This Sunday 15th November, the Church around the world will mark the 4th World Day of the Poor and Pope Francis has chosen ‘Stretch out your hand to the poor’ (Sirach 7:32) as the theme for this year’s commemoration. His message this year is both moving and challenging, something that can often be said for much of what the Holy Father writes, and three key points which resonated with me as I reflected upon his words.
Firstly, Pope Francis reminds us that prayer and service of the poor and marginalised are two sides of the same coin which ought never be separated. Indeed, he writes ‘prayer attains its goal when accompanied by service to the poor’. For Christians, our prayer is integral to growing in relationship with God but we are also called to see God in the people around us, especially the poor, created in his image. Or as Pope Francis writes, ‘I reiterate this basic truth in the life of the Church, for the poor are and always will be with us to help us welcome Christ’s presence into our daily lives’.
Secondly, we cannot allow an often relentless wave of negative news to make us indifferent or desensitise us to the pain and suffering of others. This has been a theme Pope Francis returns to time and time again, seeing it as a fundamental flaw of our societies today. Those we accompany often live in the fringes of society, as they are banned from working and made destitute at the hands of a flawed asylum system. Often they, and many others like them, are vilified by those in power, simply for seeking sanctuary, refuge and safety. Pope Francis issues a stark reminder for us to keep our hearts open and be committed to accompanying others, never allowing their suffering to be forgotten: ‘We cannot feel “alright” when any member of the human family is left behind and in the shadows. The silent cry of so many poor men, women and children should find the people of God at the forefront, always and everywhere, in efforts to give them a voice, to protect and support them in the face of hypocrisy and so many unfulfilled promises, and to invite them to share in the life of the community’.
Finally, he offers us a cause for hope. The current pandemic has not prevented from stretching out their hands to others in need. It has reminded us of our own poverty and reliance on others to survive. Whilst some may seek to turn in on themselves and block out this reality, for so many there has been an outpouring of love and support for those who have needed it. This is something we have certainly seen in our work at JRS UK, particularly since the beginning of the COVID pandemic, when so many of our supporters showed such generosity in donating to our Emergency Hardship fund. for refugees.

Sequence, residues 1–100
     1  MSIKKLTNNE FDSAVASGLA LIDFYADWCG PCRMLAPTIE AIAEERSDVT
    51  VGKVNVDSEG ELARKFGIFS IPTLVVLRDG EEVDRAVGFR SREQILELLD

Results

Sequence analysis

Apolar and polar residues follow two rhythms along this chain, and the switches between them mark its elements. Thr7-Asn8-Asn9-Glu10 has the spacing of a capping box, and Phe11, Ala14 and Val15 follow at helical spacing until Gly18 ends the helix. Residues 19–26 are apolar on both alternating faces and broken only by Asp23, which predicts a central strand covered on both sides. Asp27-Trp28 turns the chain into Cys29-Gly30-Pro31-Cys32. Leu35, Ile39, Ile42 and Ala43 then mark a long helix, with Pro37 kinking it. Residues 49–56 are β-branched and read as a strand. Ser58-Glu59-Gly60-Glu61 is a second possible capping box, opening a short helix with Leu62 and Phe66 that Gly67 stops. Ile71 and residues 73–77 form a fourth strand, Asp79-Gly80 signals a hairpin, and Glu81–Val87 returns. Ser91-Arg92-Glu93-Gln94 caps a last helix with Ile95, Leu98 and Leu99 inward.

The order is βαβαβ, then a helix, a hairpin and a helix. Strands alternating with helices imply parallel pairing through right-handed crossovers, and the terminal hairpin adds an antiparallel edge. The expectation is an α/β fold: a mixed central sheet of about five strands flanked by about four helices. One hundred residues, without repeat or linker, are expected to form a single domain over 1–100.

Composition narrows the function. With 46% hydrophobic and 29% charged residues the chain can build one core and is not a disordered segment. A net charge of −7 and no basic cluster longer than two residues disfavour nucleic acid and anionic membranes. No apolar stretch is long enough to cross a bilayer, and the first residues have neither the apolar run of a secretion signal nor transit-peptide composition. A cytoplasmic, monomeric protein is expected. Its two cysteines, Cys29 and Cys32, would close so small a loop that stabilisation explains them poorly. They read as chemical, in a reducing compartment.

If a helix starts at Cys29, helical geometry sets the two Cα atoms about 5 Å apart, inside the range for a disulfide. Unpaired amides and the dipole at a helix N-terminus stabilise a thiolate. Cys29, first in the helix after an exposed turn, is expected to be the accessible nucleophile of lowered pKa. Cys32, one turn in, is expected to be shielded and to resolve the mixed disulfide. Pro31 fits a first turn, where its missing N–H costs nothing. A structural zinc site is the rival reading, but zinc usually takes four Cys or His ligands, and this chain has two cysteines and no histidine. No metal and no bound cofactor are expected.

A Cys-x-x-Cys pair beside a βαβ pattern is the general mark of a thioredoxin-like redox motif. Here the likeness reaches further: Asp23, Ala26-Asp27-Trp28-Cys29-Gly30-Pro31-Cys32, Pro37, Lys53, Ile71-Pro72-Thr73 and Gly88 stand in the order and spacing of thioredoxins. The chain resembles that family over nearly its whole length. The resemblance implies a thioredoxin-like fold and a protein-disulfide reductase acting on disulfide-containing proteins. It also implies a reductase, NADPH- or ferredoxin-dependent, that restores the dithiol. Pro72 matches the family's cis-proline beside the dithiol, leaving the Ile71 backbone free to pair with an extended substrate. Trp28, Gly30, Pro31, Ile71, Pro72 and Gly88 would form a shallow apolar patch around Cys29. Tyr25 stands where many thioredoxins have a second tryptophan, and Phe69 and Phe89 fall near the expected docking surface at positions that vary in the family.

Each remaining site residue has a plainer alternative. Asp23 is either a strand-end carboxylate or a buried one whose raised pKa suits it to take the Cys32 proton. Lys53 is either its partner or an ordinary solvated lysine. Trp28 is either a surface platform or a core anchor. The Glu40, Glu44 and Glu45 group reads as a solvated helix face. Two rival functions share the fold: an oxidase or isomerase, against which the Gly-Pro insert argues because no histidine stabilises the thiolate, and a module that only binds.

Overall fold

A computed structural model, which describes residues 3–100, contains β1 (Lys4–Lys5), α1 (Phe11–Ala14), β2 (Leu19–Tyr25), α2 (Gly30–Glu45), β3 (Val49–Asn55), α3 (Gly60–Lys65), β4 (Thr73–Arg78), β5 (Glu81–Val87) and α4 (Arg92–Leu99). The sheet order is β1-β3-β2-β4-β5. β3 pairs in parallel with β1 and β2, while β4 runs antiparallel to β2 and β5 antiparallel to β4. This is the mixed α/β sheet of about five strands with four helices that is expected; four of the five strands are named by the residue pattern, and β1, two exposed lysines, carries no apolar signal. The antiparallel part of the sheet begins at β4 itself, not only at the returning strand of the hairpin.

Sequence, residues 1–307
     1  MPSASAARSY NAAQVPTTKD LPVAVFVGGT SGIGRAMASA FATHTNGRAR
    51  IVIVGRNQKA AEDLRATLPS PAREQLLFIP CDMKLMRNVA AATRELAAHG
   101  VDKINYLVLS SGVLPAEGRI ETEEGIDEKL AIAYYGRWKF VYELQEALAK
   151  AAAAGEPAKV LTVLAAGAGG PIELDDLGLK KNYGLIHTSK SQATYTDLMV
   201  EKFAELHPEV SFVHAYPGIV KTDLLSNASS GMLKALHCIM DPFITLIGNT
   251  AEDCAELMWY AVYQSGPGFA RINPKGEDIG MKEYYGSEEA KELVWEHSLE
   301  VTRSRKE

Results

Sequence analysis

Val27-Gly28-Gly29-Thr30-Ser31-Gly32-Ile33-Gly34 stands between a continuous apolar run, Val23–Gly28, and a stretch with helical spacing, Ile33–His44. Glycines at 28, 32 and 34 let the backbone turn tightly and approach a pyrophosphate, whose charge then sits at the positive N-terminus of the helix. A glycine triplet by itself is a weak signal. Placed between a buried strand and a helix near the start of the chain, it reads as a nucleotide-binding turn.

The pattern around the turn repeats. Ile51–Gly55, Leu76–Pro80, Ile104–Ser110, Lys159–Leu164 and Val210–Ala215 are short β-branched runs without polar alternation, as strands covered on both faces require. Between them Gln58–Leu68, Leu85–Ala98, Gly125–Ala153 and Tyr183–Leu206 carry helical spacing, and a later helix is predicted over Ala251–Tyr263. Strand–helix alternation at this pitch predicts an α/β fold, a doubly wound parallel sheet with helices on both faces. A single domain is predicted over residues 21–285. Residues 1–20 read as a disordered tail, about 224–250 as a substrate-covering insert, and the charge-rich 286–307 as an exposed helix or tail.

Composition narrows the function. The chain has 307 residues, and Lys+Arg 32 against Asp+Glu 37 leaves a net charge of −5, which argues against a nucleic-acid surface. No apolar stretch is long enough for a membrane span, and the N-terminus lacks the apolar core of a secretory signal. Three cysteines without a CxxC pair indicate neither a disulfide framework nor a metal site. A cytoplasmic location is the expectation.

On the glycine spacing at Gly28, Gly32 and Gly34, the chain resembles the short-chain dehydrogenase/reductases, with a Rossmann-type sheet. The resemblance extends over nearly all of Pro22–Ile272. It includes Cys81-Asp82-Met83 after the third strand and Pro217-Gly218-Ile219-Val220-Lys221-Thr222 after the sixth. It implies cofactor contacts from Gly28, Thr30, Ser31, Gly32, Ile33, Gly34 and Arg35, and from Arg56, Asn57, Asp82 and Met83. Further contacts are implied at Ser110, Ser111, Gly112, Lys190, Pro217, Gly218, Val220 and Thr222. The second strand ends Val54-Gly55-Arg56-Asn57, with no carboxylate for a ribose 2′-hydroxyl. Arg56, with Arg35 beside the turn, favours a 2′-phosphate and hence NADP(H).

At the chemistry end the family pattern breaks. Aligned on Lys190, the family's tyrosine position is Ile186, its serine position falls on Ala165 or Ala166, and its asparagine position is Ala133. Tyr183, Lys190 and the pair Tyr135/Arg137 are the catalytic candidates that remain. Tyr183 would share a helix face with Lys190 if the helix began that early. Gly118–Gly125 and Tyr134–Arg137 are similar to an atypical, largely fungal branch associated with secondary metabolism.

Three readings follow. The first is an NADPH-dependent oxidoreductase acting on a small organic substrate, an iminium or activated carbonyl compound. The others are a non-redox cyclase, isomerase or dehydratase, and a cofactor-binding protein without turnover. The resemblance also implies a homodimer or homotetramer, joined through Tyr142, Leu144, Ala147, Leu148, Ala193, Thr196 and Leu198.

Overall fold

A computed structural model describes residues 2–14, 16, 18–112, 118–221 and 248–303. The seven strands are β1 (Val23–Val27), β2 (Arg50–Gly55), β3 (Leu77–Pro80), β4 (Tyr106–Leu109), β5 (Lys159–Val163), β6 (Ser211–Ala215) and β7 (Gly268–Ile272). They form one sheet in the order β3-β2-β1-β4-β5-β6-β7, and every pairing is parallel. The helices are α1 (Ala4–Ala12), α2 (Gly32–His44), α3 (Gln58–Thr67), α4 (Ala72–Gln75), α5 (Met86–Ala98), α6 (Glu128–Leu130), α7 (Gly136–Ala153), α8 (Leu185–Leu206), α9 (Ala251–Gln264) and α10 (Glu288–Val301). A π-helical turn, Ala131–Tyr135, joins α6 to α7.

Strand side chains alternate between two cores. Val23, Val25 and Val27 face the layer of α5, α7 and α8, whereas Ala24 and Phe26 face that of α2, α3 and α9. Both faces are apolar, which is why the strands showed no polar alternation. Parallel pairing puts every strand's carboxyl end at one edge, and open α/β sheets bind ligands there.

Pope Francis speaks of the many hands that have reached out to others: those of healthcare workers caring for the sick, neighbours supporting those who were shielding, volunteers offering support to the homeless and countless others. He describes ‘a great litany of good works’ in which ‘hands defied contagion and fear in order to offer support and consolation’.
We are always called to stretch out our hands to those who are less fortunate than ourselves, but at this time it feels far more necessary than ever. The demands of the pandemic affects each of us differently but, as always, it is those most marginalised – such as our destitute refugee friends, and our friends held in immigration detention – who bear the biggest burden. In the coming weeks we are likely to see the return of Christmas adverts to our television screens, encouraging us to buy the latest expensive gadgets or perfumes which will bring joy to our loved ones. Whilst it is important for us to give gifts to our friends and family, can we also look further and widen our boundaries allowing the marginalised, the destitute and the poor into our community and our giving? Can we remember that rather than the slick marketing and Santa suits, the real meaning of the coming celebrations is that God took on human form and was born into the poverty of a stable?
Will we continue to stretch out our hands to the poor?
Nick Hanrahan is Community Outreach Officer at JRS UK
This World Day of the Poor why not give a Refugee Gift with JRS UK? Your gift will delight your loved ones, and improve the lives of destitute refugees accompanied by JRS UK.